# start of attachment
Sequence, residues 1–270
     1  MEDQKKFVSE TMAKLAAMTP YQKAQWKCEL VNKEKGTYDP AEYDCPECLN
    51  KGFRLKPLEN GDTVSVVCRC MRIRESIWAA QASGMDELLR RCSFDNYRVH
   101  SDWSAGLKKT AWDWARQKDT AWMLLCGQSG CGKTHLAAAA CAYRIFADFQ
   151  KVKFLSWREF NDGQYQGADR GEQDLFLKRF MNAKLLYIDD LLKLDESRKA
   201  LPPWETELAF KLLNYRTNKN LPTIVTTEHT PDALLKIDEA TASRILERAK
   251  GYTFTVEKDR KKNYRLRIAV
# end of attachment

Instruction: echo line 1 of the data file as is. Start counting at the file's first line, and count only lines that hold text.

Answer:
Sequence, residues 1–270